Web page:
Skip to main content
You are the owner of this article.
You have permission to edit this article.
Scott County supervisors, Davenport City Council discuss how to spend COVID-19-relief funds

Scott County supervisors, Davenport City Council discuss how to spend COVID-19-relief funds

  • Updated
  • 0

Since the flood, the city's business community has clamored for a more substantial and reliable flood-mitigation plan.

From flood mitigation to crime prevention, expanded juvenile detention, lead abatement and expanded broadband service, Scott County government officials have started to discuss how best to spend nearly $75 million in federal COVID-19-relief funds.

The Scott County Board of Supervisors and Davenport aldermen met separately Tuesday to discuss options and how best to prioritize spending money the county and city will receive from the federal government as part of the $1.9 trillion American Rescue Plan signed into law in early March.

Scott County is expected to receive roughly $33.6 million and the city of Davenport nearly $41 million in two installments. Federal guidelines state the money broadly should be used to:

  • Provide economic recovery assistance aid to households, small businesses, nonprofits and industries hard hit by the pandemic, specifically tourism, hospitality and travel.
  • Provide premium pay for essential government workers.
  • Support public health response.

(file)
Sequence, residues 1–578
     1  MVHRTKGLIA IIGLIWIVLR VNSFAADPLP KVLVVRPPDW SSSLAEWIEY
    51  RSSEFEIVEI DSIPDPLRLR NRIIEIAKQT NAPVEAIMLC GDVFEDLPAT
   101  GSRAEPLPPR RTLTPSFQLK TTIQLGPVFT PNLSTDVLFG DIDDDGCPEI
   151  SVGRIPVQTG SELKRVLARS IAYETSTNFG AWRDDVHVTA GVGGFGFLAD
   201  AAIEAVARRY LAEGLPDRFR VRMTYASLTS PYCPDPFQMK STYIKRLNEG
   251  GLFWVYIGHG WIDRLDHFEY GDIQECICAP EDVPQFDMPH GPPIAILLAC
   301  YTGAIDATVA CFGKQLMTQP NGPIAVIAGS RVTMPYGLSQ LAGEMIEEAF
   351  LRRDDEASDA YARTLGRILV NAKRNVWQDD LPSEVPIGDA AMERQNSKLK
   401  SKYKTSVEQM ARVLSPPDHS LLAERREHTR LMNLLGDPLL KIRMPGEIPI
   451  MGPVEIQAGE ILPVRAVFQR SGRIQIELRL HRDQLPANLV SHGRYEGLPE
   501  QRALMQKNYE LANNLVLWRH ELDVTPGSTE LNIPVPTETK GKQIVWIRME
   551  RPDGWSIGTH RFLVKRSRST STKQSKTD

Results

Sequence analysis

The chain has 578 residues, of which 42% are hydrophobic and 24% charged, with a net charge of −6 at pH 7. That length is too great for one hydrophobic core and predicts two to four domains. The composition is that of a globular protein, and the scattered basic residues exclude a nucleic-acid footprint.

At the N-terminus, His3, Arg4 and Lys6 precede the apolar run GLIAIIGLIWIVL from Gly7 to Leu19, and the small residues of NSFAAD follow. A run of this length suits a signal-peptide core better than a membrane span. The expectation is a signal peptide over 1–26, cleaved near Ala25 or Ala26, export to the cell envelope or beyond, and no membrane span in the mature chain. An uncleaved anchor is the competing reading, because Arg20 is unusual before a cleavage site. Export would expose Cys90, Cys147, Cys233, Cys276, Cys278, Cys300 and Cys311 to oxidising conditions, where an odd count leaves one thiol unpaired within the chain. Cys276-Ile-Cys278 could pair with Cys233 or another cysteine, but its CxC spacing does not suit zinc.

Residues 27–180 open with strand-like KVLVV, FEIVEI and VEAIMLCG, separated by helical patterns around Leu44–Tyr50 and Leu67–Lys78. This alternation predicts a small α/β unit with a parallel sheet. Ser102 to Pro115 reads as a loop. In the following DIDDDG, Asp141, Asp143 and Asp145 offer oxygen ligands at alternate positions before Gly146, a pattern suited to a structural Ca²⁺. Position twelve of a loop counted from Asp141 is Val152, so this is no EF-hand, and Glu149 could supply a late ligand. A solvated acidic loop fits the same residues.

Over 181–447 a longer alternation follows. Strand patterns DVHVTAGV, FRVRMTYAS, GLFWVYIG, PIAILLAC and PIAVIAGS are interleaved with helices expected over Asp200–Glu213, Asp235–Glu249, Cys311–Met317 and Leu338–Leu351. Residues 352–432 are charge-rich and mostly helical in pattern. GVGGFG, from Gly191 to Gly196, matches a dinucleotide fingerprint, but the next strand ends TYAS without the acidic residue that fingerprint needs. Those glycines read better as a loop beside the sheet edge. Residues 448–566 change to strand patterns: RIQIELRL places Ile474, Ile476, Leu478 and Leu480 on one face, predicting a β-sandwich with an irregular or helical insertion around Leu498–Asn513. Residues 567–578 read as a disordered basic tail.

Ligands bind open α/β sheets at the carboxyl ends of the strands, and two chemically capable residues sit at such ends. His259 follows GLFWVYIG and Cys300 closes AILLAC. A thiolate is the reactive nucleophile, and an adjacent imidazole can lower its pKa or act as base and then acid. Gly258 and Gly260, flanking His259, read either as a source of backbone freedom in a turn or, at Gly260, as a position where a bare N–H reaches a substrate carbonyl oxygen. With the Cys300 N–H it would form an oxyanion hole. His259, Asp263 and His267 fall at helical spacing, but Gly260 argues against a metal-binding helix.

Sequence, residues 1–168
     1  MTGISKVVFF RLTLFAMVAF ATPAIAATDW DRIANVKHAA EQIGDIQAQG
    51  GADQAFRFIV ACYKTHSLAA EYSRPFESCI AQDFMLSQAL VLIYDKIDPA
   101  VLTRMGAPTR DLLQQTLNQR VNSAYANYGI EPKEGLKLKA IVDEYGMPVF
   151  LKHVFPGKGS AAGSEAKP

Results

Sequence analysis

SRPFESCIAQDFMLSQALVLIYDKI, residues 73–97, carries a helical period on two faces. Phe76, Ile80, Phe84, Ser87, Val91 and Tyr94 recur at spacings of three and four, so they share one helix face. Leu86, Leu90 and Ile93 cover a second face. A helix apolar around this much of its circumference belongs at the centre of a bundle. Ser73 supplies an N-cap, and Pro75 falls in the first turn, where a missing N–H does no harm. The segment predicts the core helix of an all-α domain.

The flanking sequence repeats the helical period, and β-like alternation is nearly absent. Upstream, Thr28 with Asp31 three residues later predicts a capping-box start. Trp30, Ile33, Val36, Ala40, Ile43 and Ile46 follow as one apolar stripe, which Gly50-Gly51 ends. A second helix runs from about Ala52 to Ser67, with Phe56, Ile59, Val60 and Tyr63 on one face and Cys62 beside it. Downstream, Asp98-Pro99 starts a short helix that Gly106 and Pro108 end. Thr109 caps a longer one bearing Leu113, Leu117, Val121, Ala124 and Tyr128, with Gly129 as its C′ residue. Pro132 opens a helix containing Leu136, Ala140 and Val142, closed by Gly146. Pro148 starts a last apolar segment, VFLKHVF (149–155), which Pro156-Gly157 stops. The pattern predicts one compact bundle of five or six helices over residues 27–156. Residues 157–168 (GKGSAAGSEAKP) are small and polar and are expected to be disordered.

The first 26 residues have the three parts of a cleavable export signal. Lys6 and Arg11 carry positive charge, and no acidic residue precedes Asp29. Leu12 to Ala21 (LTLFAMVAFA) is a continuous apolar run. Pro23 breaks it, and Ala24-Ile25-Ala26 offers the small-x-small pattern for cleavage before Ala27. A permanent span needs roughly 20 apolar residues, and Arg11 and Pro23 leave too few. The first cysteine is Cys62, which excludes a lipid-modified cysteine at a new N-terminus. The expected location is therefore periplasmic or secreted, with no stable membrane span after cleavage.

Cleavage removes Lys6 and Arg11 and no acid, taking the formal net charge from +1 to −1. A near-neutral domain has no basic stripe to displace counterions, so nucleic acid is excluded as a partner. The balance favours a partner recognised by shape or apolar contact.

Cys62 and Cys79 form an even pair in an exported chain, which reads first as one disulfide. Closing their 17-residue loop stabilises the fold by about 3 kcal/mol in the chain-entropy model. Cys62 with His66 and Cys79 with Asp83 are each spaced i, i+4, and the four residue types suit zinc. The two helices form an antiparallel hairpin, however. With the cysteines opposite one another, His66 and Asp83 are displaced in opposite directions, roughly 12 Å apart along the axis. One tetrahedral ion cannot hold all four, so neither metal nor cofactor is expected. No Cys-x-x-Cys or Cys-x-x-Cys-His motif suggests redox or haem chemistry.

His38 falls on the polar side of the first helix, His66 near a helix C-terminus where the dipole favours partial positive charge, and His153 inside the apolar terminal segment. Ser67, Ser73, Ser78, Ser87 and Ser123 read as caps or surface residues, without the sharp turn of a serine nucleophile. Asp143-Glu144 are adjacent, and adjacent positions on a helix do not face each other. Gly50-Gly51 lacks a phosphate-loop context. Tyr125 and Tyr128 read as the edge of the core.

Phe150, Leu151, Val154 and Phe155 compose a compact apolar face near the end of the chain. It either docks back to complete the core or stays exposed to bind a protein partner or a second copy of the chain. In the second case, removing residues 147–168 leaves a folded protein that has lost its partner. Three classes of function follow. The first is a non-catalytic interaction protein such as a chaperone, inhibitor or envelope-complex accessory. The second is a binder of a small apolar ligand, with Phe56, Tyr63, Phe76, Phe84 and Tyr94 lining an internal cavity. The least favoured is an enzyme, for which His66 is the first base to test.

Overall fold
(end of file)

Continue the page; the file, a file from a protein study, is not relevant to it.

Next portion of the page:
• Fund government services that have been curtailed as a result of lost tax and fee revenue caused by the pandemic "to strengthen support for vital public services and help retain jobs."
  • Invest in water, sewer or broadband infrastructure.

The money cannot be used to pay down debt, make pension payments or to offset a cut to city tax rates, either directly or indirectly. Funds must be obligated by the end of 2024 and fully spent by Dec. 31, 2026.

A total of 576 individuals — 83% of whom are Davenport residents — responded to a city survey on how they would like to see the federals funds used in Davenport.

The most common responses included funding for affordable housing, crime reduction, flood mitigation, small-business support, removing vacant and abandoned buildings, expanded broadband service, community and youth-focused activities, child care and roadway improvement.

While money can be used for certain pieces of infrastructure, that does not include roads, Davenport City Administrator Corri Spiegel said. She noted lawmakers are working on passage of a separate infrastructure bill that includes road and highway funding. 

COVID-relief funding, though, could be used to upgrade city storm sewers and other related infrastructure to help protect Davenport's riverfront from flooding.

As for broadband, Spiegel said city officials have largely "solved that problem, unless you want free broadband."

"Fiber to the premise is readily available in our community through work we did through MetroNet," she said. "Now, WiFi hotspots in public spaces, those kinds of things are probably a different conversation. But, (providing) general access to a home, I would say the city has done a really good job at closing that gap."

Additionally, Iowa Gov. Kim Reynolds this week signed into law a bill that provides $100 million for grants to improve or extend broadband connectivity, with a goal of providing almost every Iowan access to broadband connections of 100 Mbps.